2 West Nile Virus deaths reported in Shelby County

2 West Nile Virus deaths reported in Shelby County

SHELBY COUNTY, TN (WMC) - So far this year, there have been three human cases of West Nile in Tennessee.

Two of those victims were from Shelby County, and both of them died.

The Shelby County Health Department says the number of cases is not unusual, but the two deaths are.

Roughly 80 percent of people infected by West Nile Virus will have no symptoms, according to the Shelby County Health Department.

The virus only hospitalizes a small percentage of people infected.

Robert Garland spent most of his days outside repairing lawn equipment.

"He'd be out there in the morning, late at night, he may go to sleep out there because that was his spot," said Sharon Thaxton, Garland's daughter.

The 88-year-old Army veteran's family believes that's where he became infected with West Nile virus last month.

"We thought he had a stroke," Thaxton said. "We called 911. We got him to a hospital and it wasn't a stroke."

Thaxton's father died a few days after doctors diagnosed him with the virus. His was the second West Nile Virus death in Shelby County in 2018.

"It was so shocking, you know, because you know it wasn't known out here in 38114," she said.

Memphis's longstanding history of mosquito-borne diseases dates back to the 1800's with the yellow fever epidemic. Partly due to that tragic past, Shelby County dedicates health resources to closely monitoring mosquitoes.

"This year is not particularly unusual in terms of number of cases. We've had two cases diagnosed so far, what is unfortunate and unusual is that both of the cases we have had have turned into fatalities," said David Sweat, Chief Epidemiologist for the Shelby County Health Department.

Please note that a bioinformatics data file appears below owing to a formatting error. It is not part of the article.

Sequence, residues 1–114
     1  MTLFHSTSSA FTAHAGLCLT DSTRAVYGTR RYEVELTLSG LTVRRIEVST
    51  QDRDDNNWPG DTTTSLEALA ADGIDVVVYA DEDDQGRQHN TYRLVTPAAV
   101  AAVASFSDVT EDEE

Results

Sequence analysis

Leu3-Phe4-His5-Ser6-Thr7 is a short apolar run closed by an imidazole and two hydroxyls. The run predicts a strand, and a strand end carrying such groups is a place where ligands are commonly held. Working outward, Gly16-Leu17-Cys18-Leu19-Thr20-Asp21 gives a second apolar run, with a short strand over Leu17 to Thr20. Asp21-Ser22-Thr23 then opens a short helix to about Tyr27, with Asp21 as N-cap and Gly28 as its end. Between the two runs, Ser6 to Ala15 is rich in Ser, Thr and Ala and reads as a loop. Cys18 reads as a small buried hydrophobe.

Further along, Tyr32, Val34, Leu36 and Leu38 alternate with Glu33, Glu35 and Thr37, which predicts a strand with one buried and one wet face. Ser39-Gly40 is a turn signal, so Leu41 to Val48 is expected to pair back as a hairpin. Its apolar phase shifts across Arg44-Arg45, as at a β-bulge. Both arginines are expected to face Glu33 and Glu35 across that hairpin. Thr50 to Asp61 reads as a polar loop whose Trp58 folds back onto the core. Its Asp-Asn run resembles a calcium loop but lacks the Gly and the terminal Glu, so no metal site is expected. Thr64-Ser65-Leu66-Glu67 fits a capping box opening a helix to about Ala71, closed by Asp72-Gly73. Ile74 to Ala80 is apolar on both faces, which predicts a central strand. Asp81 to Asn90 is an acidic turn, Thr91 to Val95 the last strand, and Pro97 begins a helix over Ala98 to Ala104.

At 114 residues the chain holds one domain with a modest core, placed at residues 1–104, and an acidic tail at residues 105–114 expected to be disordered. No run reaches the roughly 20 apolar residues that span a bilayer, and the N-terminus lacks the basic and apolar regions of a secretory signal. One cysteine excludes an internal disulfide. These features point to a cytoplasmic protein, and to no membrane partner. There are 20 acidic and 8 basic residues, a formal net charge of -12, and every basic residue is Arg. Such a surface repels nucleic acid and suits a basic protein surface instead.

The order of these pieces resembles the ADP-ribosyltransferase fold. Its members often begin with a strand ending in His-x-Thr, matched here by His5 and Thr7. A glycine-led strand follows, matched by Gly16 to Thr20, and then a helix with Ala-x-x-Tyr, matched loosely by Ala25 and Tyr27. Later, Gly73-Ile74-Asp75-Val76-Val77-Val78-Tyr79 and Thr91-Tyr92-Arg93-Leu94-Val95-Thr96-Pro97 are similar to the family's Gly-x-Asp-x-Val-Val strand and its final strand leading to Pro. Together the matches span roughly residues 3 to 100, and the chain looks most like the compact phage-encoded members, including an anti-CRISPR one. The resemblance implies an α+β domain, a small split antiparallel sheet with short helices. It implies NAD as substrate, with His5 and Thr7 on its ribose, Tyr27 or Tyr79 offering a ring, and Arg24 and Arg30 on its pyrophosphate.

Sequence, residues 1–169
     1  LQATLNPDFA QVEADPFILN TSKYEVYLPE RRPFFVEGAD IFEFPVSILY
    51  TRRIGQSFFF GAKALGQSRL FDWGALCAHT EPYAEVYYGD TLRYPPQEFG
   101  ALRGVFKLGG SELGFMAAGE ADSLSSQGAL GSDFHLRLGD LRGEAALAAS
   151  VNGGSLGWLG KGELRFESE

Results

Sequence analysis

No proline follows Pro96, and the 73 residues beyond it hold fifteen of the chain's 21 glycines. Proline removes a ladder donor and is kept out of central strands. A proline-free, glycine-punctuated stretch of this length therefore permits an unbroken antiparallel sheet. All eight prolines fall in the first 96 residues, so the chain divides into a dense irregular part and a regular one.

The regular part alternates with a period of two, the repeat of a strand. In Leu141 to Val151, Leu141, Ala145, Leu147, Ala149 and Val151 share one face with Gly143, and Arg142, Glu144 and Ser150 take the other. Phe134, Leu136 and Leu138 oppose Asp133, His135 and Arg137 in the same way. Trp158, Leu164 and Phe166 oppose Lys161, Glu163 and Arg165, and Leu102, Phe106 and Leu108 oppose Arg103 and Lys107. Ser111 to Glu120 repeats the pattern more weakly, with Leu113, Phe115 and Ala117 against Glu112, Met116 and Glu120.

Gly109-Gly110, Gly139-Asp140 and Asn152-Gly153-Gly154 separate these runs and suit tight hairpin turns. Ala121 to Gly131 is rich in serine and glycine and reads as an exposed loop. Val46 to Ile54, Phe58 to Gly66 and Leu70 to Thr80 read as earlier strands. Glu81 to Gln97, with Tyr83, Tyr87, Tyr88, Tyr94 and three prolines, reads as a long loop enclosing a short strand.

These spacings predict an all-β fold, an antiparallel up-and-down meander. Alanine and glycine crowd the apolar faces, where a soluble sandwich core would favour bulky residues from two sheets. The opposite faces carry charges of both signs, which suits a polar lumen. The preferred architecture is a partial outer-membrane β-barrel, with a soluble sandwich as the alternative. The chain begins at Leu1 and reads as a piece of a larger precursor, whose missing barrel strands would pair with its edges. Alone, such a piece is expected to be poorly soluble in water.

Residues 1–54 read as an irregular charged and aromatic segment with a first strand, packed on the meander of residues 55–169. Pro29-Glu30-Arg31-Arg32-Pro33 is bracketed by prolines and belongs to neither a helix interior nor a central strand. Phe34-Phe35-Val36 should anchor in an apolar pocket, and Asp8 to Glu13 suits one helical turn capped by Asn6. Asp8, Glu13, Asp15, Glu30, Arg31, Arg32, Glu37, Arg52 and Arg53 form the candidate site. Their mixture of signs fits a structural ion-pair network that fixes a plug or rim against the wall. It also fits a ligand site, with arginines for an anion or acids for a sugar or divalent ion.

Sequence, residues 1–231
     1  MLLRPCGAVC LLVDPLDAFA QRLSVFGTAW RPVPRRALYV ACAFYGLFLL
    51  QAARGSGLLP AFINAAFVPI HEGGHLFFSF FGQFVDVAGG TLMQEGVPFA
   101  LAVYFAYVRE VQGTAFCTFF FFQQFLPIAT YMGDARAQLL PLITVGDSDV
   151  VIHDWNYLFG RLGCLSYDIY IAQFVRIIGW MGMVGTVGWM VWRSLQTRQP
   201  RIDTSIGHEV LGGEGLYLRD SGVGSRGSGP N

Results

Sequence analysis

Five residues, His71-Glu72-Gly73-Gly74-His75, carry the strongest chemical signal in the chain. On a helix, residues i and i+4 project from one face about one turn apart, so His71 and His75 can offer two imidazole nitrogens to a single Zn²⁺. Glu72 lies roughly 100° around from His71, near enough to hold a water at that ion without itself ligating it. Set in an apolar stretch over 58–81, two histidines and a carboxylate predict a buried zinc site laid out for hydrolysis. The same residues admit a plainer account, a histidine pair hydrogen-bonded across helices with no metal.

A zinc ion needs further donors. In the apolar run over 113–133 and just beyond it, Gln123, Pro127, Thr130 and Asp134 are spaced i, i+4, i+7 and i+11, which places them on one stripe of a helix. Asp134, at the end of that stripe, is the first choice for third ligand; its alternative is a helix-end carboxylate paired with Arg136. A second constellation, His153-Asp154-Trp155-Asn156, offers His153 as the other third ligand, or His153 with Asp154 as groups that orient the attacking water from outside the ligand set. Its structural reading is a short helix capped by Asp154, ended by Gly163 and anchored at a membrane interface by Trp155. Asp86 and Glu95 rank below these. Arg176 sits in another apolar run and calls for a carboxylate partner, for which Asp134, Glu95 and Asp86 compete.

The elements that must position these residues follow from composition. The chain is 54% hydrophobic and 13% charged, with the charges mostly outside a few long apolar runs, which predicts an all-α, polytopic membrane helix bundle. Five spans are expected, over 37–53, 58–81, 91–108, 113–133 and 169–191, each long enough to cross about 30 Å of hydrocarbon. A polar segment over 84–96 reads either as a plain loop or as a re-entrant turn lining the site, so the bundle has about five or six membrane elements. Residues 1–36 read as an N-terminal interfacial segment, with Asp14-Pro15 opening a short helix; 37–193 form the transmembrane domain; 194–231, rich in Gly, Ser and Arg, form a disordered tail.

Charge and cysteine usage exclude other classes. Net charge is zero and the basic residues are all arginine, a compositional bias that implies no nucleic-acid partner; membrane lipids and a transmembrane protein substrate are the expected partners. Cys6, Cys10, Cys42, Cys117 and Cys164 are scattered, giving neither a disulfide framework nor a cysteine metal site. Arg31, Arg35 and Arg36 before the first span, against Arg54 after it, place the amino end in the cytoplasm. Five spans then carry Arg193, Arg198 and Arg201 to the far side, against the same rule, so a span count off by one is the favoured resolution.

In recent years, 2002 showed the highest number of human cases of West Nile Virus with 40 people in Shelby County diagnosed.

Of the infected, seven people died according to the Shelby County Health Department.

David Sweat, the department's Chief Epidemiologist, said the number of infected people could always be higher since most people never have symptoms, and those who do typically mistake it for the flu.

The death of Thaxton's father has her sharing this message.

"I am telling them to be careful and wear bug spray and long sleeves," she said.

The health department says it human cases of the virus can be diagnosed through September/ October.

Click here for more information on West Nile Virus and the county's mosquito surveillance program.

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